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Gambler's fallacy in the classroom?


  • Hubert Janos Kiss

    () (Game Theory Research Group, Institute of Economics, Centre for Economic and Regional Studies, Hungarian Academy of Sciences)

  • Adrienn Selei

    () (Regional Centre for Energy Policy Research)


Does students' hand tremble after marking three consecutive identical answers in a multiple choice test? We design an experiment to study if the likelihood to change incorrectly to a different answer than the last one depends on the number of identical previous answers. We do not find a clear treatment effect, but observe that indeed the likelihood to change to an incorrect answer increases in the number of identical previous answers given by the student, even after controlling for how prepared (s)he was overall and how certain (s)he was that the answer to a given multiple choice question is correct. We claim that this behavior possibly is a reasonable reaction to previous exam experience.

Suggested Citation

  • Hubert Janos Kiss & Adrienn Selei, 2013. "Gambler's fallacy in the classroom?," IEHAS Discussion Papers 1342, Institute of Economics, Centre for Economic and Regional Studies, Hungarian Academy of Sciences.
  • Handle: RePEc:has:discpr:1342

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    References listed on IDEAS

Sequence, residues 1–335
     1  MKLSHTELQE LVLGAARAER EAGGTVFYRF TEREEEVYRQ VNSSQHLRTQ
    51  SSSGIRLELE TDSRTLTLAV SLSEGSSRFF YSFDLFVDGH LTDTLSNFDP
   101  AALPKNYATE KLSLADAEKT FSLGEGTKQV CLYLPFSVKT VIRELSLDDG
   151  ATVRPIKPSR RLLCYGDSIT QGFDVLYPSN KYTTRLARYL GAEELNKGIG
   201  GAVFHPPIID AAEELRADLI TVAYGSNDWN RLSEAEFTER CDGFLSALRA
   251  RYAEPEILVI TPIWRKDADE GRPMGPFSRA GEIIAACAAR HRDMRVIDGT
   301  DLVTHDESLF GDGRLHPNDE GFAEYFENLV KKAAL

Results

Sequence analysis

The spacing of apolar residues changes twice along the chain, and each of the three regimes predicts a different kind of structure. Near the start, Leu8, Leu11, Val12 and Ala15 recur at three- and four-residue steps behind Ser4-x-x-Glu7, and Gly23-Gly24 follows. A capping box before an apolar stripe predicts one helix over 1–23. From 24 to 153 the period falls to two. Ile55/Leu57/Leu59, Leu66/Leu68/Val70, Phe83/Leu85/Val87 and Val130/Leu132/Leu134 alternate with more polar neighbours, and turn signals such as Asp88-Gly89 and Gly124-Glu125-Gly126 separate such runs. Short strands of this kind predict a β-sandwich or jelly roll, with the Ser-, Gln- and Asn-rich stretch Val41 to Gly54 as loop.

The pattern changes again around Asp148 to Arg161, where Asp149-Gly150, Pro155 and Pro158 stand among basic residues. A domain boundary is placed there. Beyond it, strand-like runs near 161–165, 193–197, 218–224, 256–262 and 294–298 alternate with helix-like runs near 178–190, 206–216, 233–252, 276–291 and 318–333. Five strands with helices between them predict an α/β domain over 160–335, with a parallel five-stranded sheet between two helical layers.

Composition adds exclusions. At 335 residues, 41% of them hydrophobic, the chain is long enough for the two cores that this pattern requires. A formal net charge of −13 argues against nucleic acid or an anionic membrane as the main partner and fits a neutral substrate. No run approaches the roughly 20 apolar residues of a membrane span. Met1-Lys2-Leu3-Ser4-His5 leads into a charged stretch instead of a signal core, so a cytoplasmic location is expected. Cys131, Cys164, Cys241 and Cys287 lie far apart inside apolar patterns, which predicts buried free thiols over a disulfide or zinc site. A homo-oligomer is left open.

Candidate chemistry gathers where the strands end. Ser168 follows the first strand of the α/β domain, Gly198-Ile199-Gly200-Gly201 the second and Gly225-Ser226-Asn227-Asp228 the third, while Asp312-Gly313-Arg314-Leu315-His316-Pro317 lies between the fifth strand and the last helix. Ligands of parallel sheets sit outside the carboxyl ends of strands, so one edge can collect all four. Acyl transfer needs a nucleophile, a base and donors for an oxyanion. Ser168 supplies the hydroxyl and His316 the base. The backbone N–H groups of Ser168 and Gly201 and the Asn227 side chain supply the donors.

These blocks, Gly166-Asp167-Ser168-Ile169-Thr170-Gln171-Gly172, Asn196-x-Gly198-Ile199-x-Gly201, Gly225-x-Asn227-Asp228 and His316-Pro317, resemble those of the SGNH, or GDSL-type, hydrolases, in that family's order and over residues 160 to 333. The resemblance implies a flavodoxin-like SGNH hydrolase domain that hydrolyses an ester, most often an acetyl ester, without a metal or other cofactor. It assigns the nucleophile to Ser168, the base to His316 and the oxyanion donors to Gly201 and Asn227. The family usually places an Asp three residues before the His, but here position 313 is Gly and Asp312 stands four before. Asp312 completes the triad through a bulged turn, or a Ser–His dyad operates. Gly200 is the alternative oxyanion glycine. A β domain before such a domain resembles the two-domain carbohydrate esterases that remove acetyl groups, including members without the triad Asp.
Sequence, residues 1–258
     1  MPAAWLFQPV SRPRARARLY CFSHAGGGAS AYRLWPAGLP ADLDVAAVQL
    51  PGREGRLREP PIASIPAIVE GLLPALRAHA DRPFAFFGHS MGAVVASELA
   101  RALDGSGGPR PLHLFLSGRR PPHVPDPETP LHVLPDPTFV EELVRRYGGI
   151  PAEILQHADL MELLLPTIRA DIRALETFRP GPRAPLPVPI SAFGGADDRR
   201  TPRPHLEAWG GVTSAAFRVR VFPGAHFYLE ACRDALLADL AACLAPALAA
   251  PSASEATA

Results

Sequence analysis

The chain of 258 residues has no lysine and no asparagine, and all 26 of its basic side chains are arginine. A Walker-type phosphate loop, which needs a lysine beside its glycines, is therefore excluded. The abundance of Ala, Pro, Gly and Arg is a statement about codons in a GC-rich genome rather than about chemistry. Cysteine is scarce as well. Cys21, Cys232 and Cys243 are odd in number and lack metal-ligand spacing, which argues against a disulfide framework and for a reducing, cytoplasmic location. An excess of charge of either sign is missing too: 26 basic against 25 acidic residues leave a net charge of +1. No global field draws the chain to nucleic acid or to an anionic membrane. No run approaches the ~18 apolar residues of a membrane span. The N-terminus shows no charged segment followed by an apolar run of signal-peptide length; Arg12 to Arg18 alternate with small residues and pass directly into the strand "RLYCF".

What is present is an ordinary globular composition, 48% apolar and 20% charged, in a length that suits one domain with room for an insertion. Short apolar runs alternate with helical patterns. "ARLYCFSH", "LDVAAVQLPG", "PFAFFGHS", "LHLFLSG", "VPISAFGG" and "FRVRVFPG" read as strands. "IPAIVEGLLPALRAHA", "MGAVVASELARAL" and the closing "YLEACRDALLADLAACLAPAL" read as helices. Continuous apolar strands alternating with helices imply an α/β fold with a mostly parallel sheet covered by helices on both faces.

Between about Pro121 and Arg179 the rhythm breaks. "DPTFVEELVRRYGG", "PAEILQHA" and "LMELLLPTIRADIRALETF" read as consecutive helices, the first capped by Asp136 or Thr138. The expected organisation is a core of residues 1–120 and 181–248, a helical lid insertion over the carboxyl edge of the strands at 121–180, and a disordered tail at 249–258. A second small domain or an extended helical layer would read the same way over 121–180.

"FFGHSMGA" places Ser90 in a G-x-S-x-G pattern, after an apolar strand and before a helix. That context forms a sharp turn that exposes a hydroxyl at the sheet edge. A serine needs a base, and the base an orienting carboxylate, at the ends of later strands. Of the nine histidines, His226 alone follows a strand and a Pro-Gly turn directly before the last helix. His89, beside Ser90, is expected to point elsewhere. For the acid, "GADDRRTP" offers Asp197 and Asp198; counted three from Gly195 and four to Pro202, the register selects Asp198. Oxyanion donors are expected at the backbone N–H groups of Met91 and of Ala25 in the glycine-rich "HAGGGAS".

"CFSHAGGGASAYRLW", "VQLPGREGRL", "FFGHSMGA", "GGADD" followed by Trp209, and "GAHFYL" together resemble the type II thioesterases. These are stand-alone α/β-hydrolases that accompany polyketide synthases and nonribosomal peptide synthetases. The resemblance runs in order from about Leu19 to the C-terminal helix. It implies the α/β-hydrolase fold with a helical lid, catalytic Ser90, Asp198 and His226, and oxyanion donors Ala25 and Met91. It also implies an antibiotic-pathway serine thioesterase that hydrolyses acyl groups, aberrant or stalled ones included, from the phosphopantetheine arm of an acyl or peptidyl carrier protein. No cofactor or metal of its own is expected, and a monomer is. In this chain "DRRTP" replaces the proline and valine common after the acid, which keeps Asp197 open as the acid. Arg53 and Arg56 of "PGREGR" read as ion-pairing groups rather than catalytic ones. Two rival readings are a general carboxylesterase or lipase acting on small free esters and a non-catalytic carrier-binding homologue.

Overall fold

1. Albert Burgos, 2004. "Guessing and gambling," Economics Bulletin, AccessEcon, vol. 4(4), pages 1-10.
    2. S. Dellavigna., 2011. "Psychology and Economics: Evidence from the Field," VOPROSY ECONOMIKI, N.P. Redaktsiya zhurnala "Voprosy Economiki", vol. 5.
    3. Charles Ballard & Marianne Johnson, 2005. "Gender, Expectations, And Grades In Introductory Microeconomics At A Us University," Feminist Economics, Taylor & Francis Journals, vol. 11(1), pages 95-122.
    4. repec:ebl:ecbull:v:4:y:2004:i:4:p:1-10 is not listed on IDEAS
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    More about this item


    belief; experiment; gambler's fallacy; multiple choice;

    JEL classification:

    • C93 - Mathematical and Quantitative Methods - - Design of Experiments - - - Field Experiments
    • D03 - Microeconomics - - General - - - Behavioral Microeconomics: Underlying Principles
    • D84 - Microeconomics - - Information, Knowledge, and Uncertainty - - - Expectations; Speculations


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